Belonging, truly belonging as Brene Brown would describe it, is first connecting with yourself. I think of it as looking in a super high-definition mirror that is able to reflect your soul, as well as your physical appearance, and when you see your whole self reflected back you love what you see. Not like, but love, and I mean all of you even the ugly unpleasant bits. That is not easy to do, in fact for a long time I thought it was impossible. Not anymore I see it is possible, I am yet to perfect it completely but I love a large part of me, however there are some parts that I can now tolerate, and I still worry about whether people like me and what I do or not.

So how do you get connected with and love yourself? In my blog entitled connected living I have described the process I put together to help people connect with themselves in order to make connections with others.

Once you practice connecting with yourself, you can start belonging, you can start to feel comfortable with your own view of the world and therefore be comfortable with alternative viewpoints held by other people. You will start to feel confident enough to brave what Brene calls the wilderness, to belong to yourself first, even when what you believe to be right is unpopular or wildly different from the people around you. For instance writing a blog like this is not what my family would do, very few of my friends write blogs, or share their thoughts and vulnerabilities like I do. I stand out, I don’t fit in, but I do belong I belong to me first and to the rest of you if you want me.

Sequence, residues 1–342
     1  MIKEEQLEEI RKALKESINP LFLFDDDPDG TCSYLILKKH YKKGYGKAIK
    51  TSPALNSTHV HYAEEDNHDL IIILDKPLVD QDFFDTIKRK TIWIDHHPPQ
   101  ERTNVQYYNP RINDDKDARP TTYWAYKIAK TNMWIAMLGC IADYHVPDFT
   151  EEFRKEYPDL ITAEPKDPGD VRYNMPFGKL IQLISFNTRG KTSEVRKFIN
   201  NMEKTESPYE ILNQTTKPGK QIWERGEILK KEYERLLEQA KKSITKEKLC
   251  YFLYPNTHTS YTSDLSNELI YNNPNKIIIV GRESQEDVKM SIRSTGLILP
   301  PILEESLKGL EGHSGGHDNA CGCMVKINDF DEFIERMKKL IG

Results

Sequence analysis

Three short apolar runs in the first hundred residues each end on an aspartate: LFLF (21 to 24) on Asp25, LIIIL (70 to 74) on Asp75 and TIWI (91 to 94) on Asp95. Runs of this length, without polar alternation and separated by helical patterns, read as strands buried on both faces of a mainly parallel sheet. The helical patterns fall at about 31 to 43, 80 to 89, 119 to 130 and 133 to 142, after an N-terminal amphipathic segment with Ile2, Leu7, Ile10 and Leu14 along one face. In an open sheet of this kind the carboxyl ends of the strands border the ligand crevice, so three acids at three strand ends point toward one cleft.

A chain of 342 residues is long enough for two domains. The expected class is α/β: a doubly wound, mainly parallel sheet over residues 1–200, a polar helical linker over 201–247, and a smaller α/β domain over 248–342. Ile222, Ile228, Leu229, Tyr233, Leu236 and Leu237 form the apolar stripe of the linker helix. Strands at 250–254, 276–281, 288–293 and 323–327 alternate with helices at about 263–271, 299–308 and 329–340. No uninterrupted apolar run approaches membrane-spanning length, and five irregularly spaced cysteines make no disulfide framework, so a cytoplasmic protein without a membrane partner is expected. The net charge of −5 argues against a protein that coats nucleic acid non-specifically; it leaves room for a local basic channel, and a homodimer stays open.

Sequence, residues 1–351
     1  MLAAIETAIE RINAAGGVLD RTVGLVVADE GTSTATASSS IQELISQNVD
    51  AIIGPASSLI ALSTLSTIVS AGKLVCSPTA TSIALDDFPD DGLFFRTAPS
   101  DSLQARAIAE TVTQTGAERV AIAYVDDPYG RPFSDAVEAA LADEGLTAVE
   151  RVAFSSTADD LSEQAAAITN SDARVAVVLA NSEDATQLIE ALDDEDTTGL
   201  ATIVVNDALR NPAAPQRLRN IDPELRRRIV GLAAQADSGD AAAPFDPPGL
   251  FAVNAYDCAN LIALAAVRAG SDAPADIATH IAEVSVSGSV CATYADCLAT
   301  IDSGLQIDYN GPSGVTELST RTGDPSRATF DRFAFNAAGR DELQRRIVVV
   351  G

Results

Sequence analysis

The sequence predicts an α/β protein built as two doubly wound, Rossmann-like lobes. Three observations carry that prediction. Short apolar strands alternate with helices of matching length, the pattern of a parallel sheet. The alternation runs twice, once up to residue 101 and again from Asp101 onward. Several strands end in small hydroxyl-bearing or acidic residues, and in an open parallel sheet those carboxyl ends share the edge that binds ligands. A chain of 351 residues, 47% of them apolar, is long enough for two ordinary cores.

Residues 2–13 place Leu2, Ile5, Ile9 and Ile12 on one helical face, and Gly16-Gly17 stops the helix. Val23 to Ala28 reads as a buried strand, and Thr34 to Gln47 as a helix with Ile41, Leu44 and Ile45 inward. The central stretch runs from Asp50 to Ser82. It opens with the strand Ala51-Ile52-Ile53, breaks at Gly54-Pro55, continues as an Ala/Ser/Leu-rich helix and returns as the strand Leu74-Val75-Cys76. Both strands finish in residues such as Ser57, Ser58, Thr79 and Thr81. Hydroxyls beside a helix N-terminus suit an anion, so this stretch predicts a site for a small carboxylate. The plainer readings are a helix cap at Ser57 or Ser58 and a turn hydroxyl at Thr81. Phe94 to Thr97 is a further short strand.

I really want to belong to the world around me, and when I don’t feel I do the desire to fit in gets really strong, and I have compromised by beliefs and values to try to fit in, as no doubt you have, and it is normally when we lack confidence in ourselves and what we believe. It never works out though, and no matter how much we try we still feel on the outside and never belong. When you truly belong there is no us and them there are just people who have a different map of the world. I can disagree with them and still feel connected with them. My mum’s political views are often opposite to mine, I don’t hate her or think she is stupid. I love her with all my heart, there is so much more that connects us than disconnects us. All of us are connected, we are all connected by biology after all.

Gosh that was philosophical.

I will leave you with a quote by Brene Brown and then another from my favourite lady in world ever Maya Angelou

True belonging is the spiritual practice of believing in and belonging to yourself so deeply that you can share your most authentic self with the world and find sacredness in both being a part of something and standing alone in the wilderness. True belonging doesn’t require you to change who you are; it requires you to be who you are.”

Brene Brown

You are only free when you realise you belong no place – you belong every place – no place at all. The price is high. The reward is great.”